Now more than ever, it’s time for strong EU standards on methane emissions

As European Union leaders begin the transition from COVID-19 rescue to economic recovery, the need to build back better is taking center stage. Already, national governments representing over 65% of the EU’s population have insisted that leaders stick with the European Green Deal. Their resolve underscores the importance of leadership, resilience and science-based decision making in the face of the gravest health emergency of our time.

These national governments know that the EGD will help usher in a thriving, sustainable European economy that creates good jobs for working people. And they understand the tragic lesson of the COVID-19 crisis: that all nations must heed scientific warnings about public health and security. The scientific community’s clarion call on climate change, and the role of methane pollution in driving near-term warning, should be at the top of the agenda.

For the oil and gas industry, this means that a key component of the post-COVID recovery is the establishment of stringent standards to certify very low methane emissions for all gas used in the EU. Without such standards, the case for “cleaner-burning” natural gas evaporates; over the first 20 years, methane is 80 times more potent than CO2 in driving planetary warming. That’s why the European Commission’s forthcoming methane proposal presents a window that energy companies must take — and an ESG opportunity that investors cannot afford to ignore.

The outlook for natural gas in the EU is uncertain at best, as the industry’s reputation has steadily unraveled in the public eye.

  • The rise of renewables is decreasing projected gas demand in Europe’s electric power sector, as commission officials weigh ending EU support for cross-border gas infrastructure.
  • A growing chorus of environmental organizations is calling for a phase out of natural gas in Europe by 2035.
  • Public opposition to the traditional oil and gas model has grown so sharp that BP’s new CEO Bernard Looney recognized that his company has lost trust and must earn it back through reimagining energy on a path to net-zero by 2050 or sooner.

In short, the energy sector, the companies that provide energy, and the climate all need a win and need it dearly.

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Enter the European Commission’s methane opportunity. As the leading importer of internationally traded natural gas, the EU is uniquely positioned to set stringent methane standards for cleaner gas and to catalyze emission reductions around the world. Reducing methane emissions is actionable and immediate, as the technologies and management practices already exist, with more on the way.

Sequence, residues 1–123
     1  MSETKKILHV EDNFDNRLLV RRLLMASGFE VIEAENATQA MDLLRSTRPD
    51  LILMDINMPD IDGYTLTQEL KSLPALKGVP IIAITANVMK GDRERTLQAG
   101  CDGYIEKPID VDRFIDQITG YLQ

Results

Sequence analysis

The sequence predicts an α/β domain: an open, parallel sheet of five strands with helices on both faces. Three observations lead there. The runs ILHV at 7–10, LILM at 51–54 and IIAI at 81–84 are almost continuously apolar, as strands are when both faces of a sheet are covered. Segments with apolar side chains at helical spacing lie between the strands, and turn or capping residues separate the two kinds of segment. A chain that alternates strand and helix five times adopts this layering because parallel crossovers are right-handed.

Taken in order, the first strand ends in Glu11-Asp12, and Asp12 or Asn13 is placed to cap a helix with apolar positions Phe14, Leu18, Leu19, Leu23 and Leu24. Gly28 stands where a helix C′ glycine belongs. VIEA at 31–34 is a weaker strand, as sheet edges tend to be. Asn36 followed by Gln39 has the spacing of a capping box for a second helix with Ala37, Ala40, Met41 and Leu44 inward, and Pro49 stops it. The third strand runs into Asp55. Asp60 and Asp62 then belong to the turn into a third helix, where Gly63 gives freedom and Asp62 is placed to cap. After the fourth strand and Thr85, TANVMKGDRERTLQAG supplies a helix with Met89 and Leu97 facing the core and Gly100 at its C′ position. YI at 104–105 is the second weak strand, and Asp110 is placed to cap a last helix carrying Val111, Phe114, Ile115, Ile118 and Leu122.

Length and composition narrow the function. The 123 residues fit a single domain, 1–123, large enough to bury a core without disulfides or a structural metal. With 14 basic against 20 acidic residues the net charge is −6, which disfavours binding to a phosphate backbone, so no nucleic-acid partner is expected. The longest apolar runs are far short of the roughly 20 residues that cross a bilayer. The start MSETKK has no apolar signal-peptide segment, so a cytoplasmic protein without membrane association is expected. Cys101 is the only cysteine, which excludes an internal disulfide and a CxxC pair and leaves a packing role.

So when should the methane standard be set, and what should it be?

The good news is, there is no reason to wait, and no need to reinvent the wheel. Recent history is the guide, and important corporate commitments show the way.

In 2017, senior executives of BP, Chevron, Equinor, ENI, ExxonMobil, Shell, Total and others committed to advocate government action to effectively regulate methane emissions.

In spring of 2018, BP committed to a 0.20% methane intensity target. That fall, with an audience of journalists and advocacy leaders looking on during Climate Week, CEOs in the Oil and Gas Climate Initiative doubled down on their pledged “near-zero methane” future and touted an ambition of reaching 0.20% methane intensity by 2025.

And in 2019, these companies and others developed with Environmental Defense Fund a methane policy framework that highlights climate goals, stakeholder confidence, and the need for “ambitious emission reduction outcomes”.

The bottom line: Policymakers cannot afford to be any less ambitious in this decade than energy companies were in the last one — 0.20% is the right performance benchmark to hit for gas production that supplies Europe.

Effectively administering a methane performance standard will requires development of scientifically grounded monitoring, reporting and verification standards, and sincere efforts to collaborate with Europe’s major natural gas suppliers such as Russia, Qatar and Norway.

Fortunately, current initiatives provide a running start, including methane protocols under development in the Oil and Gas Methane Partnership, international coordination through the Methane Guiding Principles, and advancements in satellite methane monitoring and quantification.

While we contend with the uncertainty of today, we must also press ahead where we can to improve the outlook for tomorrow. We know that oil and gas methane emissions are damaging but preventable, we know that emissions must be eliminated if there is to be a serious conversation about the role of gas in Europe’s energy transition, and we know that industry leaders already set the bar at 0.20% methane intensity for upstream by 2025.

As the commission and its consultant Wood solicit policy recommendations, the time is now for responsible oil and gas companies to voice their support of a protective methane standard in line with prior commitments.

The climate crisis and the trust crisis leave no margin for error.

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